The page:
Keeping important information from getting into the wrong hands is imperative to your company's protection and success. While you can monitor who has access to confidential information in order to minimize their exposure, it is also important for your company, especially if you have an International presence, to implement protocols designed to keep your most sensitive information private. 

Being aware of the steps that can be taken to more effectively protect trade secrets and other valuable information is only the beginning of keeping your company safe. Once protocols are in place, they should be regularly analyzed to determine that they are working optimally. Frequent analysis can help you identify areas where additional support is necessary to prevent loopholes from creating hazards. 

What are the most frequently asked questions about trade secrets?

As a business owner or inventor, you may have a lot of questions about trade secrets. Trade secrets refer to the data you prefer to keep hidden from competitors and even some employees. These secrets provide your business with a competitive edge that may be destroyed if it got into the wrong hands.

Forbes notes that the closest cousin of trade secrets in law is patent law. When people file a patent, it becomes public information in exchange for the protection. In contrast, most business people do not mean for trade secrets to ever see the light of day. Here are some commonly asked questions regarding this and their answers.

IP strategies are sometimes tax-motivated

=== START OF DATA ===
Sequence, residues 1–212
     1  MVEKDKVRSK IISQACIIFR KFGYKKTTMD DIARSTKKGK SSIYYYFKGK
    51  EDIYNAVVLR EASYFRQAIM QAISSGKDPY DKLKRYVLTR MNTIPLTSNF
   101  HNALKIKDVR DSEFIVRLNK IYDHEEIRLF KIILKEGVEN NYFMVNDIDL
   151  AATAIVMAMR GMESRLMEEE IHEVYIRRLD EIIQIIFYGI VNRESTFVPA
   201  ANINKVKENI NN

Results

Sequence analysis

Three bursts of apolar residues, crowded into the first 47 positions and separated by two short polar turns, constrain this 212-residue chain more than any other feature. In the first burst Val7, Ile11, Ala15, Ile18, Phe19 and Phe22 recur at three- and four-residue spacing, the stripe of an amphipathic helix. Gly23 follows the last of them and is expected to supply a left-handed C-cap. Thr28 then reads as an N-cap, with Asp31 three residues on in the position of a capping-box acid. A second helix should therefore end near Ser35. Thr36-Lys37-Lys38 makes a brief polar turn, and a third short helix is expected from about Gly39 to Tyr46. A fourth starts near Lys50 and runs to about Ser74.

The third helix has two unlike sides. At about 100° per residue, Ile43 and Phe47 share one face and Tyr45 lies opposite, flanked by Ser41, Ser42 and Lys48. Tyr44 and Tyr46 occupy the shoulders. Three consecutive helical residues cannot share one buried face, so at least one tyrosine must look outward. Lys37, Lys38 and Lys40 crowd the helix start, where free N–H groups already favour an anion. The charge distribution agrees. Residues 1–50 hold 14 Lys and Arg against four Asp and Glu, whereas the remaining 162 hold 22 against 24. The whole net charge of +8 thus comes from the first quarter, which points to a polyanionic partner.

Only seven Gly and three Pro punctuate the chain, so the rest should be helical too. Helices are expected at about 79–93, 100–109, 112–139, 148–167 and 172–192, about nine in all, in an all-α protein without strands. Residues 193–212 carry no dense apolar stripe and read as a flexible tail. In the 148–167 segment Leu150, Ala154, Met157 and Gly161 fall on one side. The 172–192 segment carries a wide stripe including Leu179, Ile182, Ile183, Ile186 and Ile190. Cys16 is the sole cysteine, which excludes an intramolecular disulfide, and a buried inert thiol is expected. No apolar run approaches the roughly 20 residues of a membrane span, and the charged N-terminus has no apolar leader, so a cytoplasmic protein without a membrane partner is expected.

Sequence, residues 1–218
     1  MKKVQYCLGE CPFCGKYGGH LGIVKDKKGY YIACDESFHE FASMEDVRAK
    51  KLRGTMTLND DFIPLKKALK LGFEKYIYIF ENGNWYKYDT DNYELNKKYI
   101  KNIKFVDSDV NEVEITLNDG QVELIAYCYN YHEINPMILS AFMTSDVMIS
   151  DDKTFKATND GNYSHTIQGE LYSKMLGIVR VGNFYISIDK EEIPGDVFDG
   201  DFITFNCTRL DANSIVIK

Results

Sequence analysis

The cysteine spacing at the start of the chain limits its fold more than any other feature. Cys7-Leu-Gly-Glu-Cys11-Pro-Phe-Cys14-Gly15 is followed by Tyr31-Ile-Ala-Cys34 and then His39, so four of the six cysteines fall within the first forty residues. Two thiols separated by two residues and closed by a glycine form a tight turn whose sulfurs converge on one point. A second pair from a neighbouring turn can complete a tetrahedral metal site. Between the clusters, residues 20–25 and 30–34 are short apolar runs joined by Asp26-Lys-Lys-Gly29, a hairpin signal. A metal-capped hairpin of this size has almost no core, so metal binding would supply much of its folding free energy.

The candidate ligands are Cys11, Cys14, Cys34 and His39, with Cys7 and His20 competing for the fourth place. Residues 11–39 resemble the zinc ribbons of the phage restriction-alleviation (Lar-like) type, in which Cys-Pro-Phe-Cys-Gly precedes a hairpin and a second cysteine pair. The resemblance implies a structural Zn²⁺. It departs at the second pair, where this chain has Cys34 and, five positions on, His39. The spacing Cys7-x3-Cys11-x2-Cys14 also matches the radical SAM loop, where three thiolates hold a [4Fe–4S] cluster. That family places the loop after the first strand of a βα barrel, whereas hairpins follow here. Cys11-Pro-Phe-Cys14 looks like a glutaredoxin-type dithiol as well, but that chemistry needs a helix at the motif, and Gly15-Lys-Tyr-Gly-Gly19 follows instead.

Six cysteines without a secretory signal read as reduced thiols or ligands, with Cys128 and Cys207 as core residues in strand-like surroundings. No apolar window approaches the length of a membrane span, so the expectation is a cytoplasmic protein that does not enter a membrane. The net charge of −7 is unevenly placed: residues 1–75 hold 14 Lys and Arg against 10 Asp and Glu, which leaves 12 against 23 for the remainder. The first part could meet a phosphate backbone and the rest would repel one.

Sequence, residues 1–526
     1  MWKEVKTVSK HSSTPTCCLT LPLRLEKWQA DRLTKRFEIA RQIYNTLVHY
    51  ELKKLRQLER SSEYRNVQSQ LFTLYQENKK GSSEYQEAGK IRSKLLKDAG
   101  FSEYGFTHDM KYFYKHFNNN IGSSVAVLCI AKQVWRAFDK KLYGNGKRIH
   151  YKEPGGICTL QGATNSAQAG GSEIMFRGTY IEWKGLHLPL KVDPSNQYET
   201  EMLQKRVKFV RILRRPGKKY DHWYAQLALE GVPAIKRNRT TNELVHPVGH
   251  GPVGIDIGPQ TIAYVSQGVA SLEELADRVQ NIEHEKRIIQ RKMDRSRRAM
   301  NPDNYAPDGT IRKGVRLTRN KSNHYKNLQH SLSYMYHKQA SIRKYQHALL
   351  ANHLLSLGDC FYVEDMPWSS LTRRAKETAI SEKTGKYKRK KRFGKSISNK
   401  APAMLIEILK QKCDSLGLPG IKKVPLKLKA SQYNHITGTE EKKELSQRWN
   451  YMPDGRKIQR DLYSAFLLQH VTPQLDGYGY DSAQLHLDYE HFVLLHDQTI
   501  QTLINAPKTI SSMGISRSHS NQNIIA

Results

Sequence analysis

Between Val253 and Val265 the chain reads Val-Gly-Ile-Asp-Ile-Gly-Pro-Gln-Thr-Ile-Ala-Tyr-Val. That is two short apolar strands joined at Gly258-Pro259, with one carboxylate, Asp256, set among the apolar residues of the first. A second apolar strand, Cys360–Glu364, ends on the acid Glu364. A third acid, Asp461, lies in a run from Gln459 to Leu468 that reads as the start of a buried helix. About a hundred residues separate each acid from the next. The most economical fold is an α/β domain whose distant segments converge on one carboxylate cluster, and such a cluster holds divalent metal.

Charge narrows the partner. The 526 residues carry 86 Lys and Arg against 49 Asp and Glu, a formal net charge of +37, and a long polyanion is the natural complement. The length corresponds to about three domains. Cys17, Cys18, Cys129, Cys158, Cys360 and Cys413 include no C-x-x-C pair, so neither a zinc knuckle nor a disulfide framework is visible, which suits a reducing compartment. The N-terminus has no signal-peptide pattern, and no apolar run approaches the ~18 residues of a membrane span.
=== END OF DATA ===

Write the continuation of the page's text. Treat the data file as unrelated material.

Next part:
In 2013, Uber grew from a $330 million company to a worth of $3.5 billion due to venture capital investments. However, before pursuing the additional funding, Uber’s co-founder decided to do some tax-planning. According to Fortune, the ridesharing company created a new business in the Netherlands known as Uber International C.V., which essentially moved the company’s intellectual property overseas.

U.S.-based Uber then created an agreement to split profits in half. Thus, when venture capitals sped up Uber’s growth process, it could legally avoid paying taxes on almost all of its non-U.S. rideshare income. Fortune reports that Google and Facebook employed similar strategies for similar reasons. In fact, American companies often find it easier to move their IPs overseas than relocating a physical subsidiary. For tech companies, where so much of their core business takes place online, there is hardly ever a need to attempt a physical move.

How not to accidentally invite intellectual property litigation

The common advice for companies that want to avoid intellectual property litigation is simply not to steal or appropriate another entity’s IP. However, there is one major problem with this advice; it is one-sided. What happens when the business owner is the one who gets their idea stolen? Or, what happens when an entrepreneur gets sued for creating and capitalizing on technology that bears a close but accidental resemblance to someone else’s?